The economic and governance challenges confronting the country must not be an excuse for a coup d’etat.
The Chairperson of the National Commission for Civic Education (NCCE), Kathleen Addy, who stated this, said the country’s 66-year journey after independence was replete with evidence that military interventions had been counterproductive, and must, therefore, not be an option.
“We must never forget the years of instability we experienced for the entire post-colonial period before the onset of the Fourth Republic.
Nothing good came out of the multiple coups d’etat we experienced in the country.
“I want to state that a coup d’etat is not the solution to the numerous economic challenges of our country.
Ghana has been there before, and we know that coups d’etat have not helped us, so let no one think about it,” she stressed.
Ms Addy, who was speaking at the launch of the 30th anniversary of the NCCE in Accra yesterday, said although the economic hardships in the country had left many citizens, especially young people, “with a sense of despair about the future”, there was no need to use undemocratic means to register their displeasure.
She observed that the insecurity associated with military interventions in the West African sub-region was a wake-up call to Ghanaians to protect the Fourth Republic.
“I want to emphasise that coup d’etat is not the solution to our problems as a country.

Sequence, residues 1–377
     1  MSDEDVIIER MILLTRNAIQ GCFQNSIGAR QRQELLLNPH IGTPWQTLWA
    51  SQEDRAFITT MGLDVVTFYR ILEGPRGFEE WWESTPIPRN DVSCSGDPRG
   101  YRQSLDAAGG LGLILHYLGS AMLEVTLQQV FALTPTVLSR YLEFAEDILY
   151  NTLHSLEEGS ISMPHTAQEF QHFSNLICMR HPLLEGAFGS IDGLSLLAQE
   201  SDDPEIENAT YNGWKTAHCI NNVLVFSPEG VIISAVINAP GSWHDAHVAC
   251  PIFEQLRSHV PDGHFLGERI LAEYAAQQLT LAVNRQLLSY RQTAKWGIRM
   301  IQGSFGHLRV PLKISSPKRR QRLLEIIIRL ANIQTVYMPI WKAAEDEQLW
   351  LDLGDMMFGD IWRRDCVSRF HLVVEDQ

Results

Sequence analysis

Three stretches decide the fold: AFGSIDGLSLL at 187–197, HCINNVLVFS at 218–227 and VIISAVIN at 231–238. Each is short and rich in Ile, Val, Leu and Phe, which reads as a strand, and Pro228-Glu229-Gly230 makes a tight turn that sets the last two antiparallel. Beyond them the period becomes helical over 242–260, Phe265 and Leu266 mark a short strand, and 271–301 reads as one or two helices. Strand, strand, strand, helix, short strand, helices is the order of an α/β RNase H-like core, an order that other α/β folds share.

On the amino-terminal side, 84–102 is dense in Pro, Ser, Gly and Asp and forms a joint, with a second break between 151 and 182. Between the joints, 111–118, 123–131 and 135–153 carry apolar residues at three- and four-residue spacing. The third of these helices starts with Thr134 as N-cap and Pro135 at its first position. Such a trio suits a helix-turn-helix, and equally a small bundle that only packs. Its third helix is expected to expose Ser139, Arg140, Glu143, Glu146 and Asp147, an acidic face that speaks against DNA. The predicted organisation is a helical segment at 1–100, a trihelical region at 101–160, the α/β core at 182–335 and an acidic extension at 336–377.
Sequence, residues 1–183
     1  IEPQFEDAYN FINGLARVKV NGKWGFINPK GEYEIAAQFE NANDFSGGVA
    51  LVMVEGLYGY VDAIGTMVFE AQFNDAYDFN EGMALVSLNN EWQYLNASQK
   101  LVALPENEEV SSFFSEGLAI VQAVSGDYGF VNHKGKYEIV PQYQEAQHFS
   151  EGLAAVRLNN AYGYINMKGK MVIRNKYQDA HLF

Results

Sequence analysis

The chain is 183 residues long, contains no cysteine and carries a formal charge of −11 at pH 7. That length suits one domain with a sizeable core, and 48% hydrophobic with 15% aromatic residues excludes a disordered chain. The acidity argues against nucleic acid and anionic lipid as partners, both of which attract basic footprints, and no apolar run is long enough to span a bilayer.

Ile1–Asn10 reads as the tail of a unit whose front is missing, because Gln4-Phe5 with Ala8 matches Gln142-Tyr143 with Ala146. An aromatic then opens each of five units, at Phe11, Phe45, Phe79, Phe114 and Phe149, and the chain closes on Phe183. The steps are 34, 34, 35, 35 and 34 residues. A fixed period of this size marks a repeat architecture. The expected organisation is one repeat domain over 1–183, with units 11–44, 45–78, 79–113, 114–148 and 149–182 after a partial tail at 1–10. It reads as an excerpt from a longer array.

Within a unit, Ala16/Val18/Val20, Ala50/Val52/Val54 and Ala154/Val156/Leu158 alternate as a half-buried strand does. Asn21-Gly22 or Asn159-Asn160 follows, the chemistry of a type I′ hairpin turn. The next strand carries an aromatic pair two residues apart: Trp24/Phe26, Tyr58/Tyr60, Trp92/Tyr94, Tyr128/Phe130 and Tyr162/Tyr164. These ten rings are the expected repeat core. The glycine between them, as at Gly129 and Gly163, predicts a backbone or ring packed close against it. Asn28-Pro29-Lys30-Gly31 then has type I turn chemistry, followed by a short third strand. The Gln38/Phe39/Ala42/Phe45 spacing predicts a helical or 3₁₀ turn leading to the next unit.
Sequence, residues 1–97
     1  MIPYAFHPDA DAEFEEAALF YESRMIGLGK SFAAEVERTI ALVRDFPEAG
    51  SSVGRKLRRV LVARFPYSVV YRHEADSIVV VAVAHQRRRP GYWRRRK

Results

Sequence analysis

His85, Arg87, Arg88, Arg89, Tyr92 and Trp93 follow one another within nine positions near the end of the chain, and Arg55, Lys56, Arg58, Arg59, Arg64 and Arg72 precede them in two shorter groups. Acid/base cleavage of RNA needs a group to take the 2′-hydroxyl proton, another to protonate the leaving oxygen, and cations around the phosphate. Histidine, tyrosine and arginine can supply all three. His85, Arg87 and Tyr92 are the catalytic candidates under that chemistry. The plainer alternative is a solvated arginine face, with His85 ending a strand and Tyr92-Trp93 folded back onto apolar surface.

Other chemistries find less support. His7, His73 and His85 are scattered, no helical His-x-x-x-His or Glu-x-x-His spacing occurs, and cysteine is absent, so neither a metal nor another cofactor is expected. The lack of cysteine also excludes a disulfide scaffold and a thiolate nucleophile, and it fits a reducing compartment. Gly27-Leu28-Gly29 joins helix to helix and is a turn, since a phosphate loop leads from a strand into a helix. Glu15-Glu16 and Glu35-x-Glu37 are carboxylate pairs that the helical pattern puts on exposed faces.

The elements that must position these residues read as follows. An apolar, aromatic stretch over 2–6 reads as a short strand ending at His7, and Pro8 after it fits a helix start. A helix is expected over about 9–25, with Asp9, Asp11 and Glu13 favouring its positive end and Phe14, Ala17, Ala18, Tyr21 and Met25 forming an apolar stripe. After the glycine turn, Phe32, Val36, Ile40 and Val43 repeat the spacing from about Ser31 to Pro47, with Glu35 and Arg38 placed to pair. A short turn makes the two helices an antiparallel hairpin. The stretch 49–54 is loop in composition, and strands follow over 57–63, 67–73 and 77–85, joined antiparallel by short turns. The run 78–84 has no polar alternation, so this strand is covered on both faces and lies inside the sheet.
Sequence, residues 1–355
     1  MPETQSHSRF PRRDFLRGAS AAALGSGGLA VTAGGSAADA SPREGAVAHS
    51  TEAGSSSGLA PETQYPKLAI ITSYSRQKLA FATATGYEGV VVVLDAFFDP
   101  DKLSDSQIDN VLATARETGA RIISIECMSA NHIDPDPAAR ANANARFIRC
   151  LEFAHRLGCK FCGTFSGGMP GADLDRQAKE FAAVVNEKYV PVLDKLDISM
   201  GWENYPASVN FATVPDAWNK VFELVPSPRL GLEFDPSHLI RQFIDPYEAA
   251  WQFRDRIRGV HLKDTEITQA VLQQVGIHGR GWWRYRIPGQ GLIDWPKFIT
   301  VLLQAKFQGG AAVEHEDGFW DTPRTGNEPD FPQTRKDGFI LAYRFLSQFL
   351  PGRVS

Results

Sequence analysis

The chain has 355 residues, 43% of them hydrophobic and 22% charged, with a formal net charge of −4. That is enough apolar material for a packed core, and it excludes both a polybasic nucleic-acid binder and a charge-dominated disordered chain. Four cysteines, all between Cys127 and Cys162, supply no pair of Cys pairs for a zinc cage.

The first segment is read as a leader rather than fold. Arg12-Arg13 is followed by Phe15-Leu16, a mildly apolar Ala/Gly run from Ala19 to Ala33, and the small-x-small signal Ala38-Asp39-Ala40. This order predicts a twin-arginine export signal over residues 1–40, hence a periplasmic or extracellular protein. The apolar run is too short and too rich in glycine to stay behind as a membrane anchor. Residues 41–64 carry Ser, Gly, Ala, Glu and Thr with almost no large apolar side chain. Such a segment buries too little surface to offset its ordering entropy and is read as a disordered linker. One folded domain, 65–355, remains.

We cannot afford to erode the hard won gains of our democracy,” she said.
Ms Addy underscored the need for people in authority to take steps to address the conditions that fueled coups d’etat and bad governance.
For instance, she said it was important for concrete action to be taken to curb monetisation of politics.
“Over time, we see stronger evidence of vote buying and vote selling during elections, and this is dangerous for our democracy,” she said.
The NCCE boss also said the advent of fake news and spreading of misinformation and disinformation were major threats to the country’s democracy and must be checked.
She said apart from dragging the reputation of other people in the mud, fake news and misinformation distorted the flow of relevant information for national development.
Touching on the 30-year journey of the NCCE, she said in the midst of numerous challenges, including poor funding, the Commission had largely fulfilled the constitutional mandate bestowed on it under Article 233.
The Director, Anti-Corruption at the Commission on Human Rights and Administrative Justice (CHRAJ), Stephen Azantilow, said the NCCE’s role in the country’s democratic journey over the past 30 years was immeasurable.
Mr Azantilow said it was important for independent governance institutions, including the Electoral Commission, NCCE, CHRAJ, to work together to deepen the country’s democracy.
He said the strengthening of collaboration between the institutions would ensure optimum utilisation of resources and sharing of expertise for democratic governance.
The Deputy Chairman of the NCCE, Samuel Asare Akuamoah, called for the Electoral Commission to increase the number of registration centres for the limited voter registration exercise.
He said the limitation of the centres to district offices of the Commission would be a herculean task for some people who lived in areas that were far from the district capitals.
Mr Akuamoah also called on citizens to pay more attention to the district level elections to consolidate participatory governance at the grassroots.